The Lost Sea is populated by rainbowless trout, whose ancestors had been released into the lake by residents who wanted to see if they would lead them to another body of water via some unseen conduit. The fish did no such thing, and eventually lost their eyesight, rainbow coloring, sex drive, and presumably their will to live. Because the lake sustains no other plant or animal life apart from the stony anthodites, they learned to pounce on unsuspecting rafts and launches visiting the area and beg for food. For the sake of curious visitors, the tour operator keeps their numbers topped up.
Figure 6 – Anthodites in the Craighead Caverns. Usually formed from sulfate minerals such as gypsum or epsomite, these cave flowers may be formed from rarer minerals such as halite.
Daily tours of the Lost Sea begin with a three-quarter-mile round-trip stroll through the caverns on wide, sometimes steeply sloping pathways. Your entertaining guide will talk you through the history of the caves and offer a brief but informative tutorial of how the various rock formations you encounter were originally formed. Once you reach the bottom of the cave, about 140 feet below ground level, you will have a ride in a boat on the Lost Sea. The tour lasts approximately one hour and 15 minutes.
The Wild Cave Tour is designed for groups of at least 12 from schools, churches, scout troops, etc. After the regular cavern tour, guests are treated to a peak at the undeveloped cave rooms, where they are permitted to crawl through cracks and crevices. You’ll get tired, muddy, and probably a little bruised. Guests are invited to spend the night, but the accommodation is as basic as it gets, and you should expect to greet the daylight the next morning a little bit grubby. A specially prepared patch is available for sleeping, although you need to bring your own sleeping bag, air mattress, and/or ground cloth. Wet wipes, your own supply of bottled water, and a change of clothes are also vital.
Serious spelunkers can take part in the Super Saturday Adventure, which is also designed for groups of 12 or more who wish to spend the night in the caves. Individuals, small groups, and those who do not care to stay overnight are welcome to participate in the day’s activities, which involve crawling, climbing, rolling, and extricating yourself from tight spots not accessible to the public. According to the website, participants are advised to bring a change of clothes and a flashlight and to wear “old clothes that you don’t care if you will ever see again.” Long pants are essential.
Figure 7 – Rainbowless trout from the Lost Sea, Sweetwater. Photo: http://www.southernspiritguide.org/a-sunless-sea-craighead-caverns-and-the-lost-sea/
Tuckaleechee Caverns, Townsend
Yet another ‘greatest site under the Smokies,” Tuckaleechee Caverns are carved inside the world’s oldest mountain chain and estimated to be between 20 million and 30 million years old. At one end of the tour lies the Big Room. Measuring 400’ x 300’ x 150’, the Big Room is almost large enough to contain a football stadium.
The second half of the tour takes in Silver Falls, the tallest subterranean waterfall in the United States, measuring 210 feet from top to bottom. A crystal-clear stream runs through the caverns. Stalagmites here can grow as high as 24 feet. The site is open from March to November. Nearly 50,000 people each year visit the caves and take part in its presentations.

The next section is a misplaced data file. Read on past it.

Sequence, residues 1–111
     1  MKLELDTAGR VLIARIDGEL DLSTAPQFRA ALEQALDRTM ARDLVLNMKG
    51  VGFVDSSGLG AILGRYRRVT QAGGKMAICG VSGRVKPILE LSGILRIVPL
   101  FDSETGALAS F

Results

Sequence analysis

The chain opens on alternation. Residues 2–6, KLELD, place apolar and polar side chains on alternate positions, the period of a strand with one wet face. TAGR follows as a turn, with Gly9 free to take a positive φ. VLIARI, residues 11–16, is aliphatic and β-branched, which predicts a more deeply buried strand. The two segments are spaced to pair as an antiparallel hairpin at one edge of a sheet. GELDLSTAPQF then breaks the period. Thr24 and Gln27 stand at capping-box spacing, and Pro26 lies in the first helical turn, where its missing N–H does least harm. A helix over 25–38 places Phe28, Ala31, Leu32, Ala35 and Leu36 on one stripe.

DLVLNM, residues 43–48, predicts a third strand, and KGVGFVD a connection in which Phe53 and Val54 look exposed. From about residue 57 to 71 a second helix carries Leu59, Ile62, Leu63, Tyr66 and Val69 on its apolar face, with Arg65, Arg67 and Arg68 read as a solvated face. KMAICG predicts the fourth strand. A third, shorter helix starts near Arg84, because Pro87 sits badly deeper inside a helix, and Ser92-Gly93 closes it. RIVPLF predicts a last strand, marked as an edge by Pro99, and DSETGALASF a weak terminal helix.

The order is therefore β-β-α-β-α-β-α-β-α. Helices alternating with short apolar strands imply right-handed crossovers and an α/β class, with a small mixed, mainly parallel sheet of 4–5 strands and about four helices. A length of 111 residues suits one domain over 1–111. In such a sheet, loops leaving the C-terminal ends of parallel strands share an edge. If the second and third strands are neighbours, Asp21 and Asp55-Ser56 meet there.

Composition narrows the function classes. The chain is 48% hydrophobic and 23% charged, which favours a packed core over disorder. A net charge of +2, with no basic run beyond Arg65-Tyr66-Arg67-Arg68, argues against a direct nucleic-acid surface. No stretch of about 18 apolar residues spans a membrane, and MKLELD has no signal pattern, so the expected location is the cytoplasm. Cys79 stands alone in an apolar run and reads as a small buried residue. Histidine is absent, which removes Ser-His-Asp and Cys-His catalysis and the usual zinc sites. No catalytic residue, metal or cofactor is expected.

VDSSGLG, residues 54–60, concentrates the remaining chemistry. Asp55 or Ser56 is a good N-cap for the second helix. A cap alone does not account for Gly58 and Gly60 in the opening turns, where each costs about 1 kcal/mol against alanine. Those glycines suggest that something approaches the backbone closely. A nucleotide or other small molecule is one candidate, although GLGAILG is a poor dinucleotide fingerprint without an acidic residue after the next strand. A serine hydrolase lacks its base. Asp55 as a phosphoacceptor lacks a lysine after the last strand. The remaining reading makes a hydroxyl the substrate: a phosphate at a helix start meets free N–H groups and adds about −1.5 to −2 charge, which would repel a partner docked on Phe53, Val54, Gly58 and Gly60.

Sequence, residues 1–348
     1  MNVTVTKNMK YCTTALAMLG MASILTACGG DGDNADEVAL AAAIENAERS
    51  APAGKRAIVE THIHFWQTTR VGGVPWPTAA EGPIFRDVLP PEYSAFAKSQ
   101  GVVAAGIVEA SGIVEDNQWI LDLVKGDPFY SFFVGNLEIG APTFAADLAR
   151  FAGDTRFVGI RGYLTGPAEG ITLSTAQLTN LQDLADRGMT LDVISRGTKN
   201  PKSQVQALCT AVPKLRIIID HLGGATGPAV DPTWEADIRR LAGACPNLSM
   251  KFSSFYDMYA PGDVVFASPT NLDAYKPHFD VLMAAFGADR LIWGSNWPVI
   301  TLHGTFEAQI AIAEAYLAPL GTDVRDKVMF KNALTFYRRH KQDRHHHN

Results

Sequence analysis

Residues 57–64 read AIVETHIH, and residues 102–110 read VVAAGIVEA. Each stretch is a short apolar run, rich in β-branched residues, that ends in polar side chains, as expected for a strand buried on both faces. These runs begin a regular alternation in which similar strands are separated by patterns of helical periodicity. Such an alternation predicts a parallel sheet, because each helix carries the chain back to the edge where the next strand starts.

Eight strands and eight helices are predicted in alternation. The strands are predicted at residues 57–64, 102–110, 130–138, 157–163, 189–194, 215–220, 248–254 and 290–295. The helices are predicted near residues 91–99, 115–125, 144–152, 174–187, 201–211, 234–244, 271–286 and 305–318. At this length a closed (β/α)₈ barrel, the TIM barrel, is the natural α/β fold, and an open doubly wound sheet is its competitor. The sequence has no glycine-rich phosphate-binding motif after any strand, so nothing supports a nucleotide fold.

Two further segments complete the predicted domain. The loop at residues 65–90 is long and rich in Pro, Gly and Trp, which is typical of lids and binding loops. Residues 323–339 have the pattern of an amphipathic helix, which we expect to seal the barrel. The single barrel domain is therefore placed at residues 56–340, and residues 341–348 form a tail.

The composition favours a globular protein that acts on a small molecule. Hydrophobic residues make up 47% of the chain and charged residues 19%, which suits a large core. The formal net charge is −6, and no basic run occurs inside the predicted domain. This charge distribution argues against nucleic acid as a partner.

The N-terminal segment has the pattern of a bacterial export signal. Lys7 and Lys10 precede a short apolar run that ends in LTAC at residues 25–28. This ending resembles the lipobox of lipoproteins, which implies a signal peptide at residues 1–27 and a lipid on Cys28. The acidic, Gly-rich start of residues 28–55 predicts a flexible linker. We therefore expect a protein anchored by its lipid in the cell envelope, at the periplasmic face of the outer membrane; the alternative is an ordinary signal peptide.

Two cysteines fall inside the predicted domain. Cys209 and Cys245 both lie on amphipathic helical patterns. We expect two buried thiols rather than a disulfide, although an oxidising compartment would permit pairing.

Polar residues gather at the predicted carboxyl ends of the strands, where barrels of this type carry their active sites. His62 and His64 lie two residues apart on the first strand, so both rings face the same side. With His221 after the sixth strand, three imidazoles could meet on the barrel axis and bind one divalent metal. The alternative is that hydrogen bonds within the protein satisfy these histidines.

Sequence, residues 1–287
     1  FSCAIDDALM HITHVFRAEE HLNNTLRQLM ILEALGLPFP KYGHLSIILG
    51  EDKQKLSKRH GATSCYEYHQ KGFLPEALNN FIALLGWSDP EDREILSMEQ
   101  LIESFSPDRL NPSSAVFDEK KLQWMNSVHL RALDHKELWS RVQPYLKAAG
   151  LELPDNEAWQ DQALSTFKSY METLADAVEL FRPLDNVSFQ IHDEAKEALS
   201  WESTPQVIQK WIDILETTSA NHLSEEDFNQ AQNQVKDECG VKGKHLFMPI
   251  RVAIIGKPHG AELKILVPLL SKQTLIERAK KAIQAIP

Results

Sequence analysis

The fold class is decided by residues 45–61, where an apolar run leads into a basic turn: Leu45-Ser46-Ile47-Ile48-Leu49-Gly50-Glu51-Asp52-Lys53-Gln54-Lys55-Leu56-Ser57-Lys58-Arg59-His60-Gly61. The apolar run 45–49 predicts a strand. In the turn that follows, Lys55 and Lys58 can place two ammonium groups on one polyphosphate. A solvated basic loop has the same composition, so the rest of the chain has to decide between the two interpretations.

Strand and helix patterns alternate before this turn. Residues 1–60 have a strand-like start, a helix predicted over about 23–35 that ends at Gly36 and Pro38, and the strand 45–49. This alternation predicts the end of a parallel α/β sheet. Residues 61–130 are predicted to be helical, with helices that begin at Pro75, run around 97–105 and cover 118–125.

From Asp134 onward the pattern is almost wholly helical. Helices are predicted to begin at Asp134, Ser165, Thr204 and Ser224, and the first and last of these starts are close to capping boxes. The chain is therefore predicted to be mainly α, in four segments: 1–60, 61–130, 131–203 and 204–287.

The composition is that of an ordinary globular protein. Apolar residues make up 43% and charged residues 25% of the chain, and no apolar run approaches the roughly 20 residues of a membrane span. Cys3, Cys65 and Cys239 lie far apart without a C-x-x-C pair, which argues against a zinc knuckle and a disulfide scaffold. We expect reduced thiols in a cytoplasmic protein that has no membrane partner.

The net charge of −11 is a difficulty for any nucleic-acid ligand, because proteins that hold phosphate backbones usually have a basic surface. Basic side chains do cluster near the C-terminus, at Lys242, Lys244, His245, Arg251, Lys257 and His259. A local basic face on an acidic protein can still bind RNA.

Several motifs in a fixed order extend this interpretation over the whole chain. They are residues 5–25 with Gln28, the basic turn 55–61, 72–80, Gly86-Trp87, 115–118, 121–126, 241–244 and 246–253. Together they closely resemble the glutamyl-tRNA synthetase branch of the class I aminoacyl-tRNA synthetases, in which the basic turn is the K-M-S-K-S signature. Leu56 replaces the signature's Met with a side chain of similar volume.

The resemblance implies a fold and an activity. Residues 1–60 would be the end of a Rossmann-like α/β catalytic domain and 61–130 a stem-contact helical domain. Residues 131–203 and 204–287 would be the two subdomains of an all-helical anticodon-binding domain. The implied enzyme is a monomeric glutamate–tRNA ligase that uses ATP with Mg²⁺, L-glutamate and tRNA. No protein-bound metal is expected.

Tuckaleechee Caverns was awarded the Trip Advisor Certificate of Excellence, meaning it earns consistently good reviews from visitors.
Figure 8 – Chandelier Rock Formation at Tuckaleechee Caverns, Townsend TN. Photo: http://www.travelquest-ny.com/2015/08/tuckaleechee-caverns.html
[caption id="" align="alignnone" width="594"] Chandelier Rock Formation at Tuckaleechee Caverns[/caption]
Figure 9 – Inside Tuckaleechee Caverns. The pointy objects are called stalagmites. Having been around for tens of millions of years, you could be forgiven for thinking these formations are rather robust. But no, they’re very brittle and will break like glass. Moreover, if you were to touch a piece of cave onyx, the acidic secretions from your hands would cause the lustre to go dull. Photo: http://www.insidetownsend.com/townsend-attractions/tuckaleechee-caverns/
There are steps and handrails throughout the one to two-hour tour, which includes a light show in the big room. While there is sufficient light to see your way around while you’re walking through the caves, at some point the lights are turned off so visitors may experience what real darkness feels like.
Figure 10 – The Toothpick stalagmite is 12 feet high and six inches across.
Like the Eastern Woodland Indians in the Forbidden Caverns, the Cherokee would hide here from the European settlers up until around 1850. The first white Europeans, who arrived between the late 18th and early 19th centuries, discovered the caves when sawmill workers observed heavy rain water falling into a local sinkhole.
The stable year-round temperature of 58F around the cave opening provided a clue as to what lay beneath. Residents in the area would dry their clothes there in the cool breeze. That same breeze is now channelled through the Tuckaleechee visitor center and gift shop to provide air conditioning. The caves opened in 1931 before being forced to close because of the Depression and reopened as a tourist attraction in 1953.
Of the more than 8,000 caves in Tennessee, no two offer the same experience. The systems described here barely scratch the surface compared to what’s on offer. You can choose from a rigorous hike and/or a boat ride if you’re not in the mood to get down and dirty scratching and clawing your way into and out of whatever nooks and crannies Nature has decided to tease you with. If you’re passing through Tennessee, come for the whitewater, but do stay for the caverns.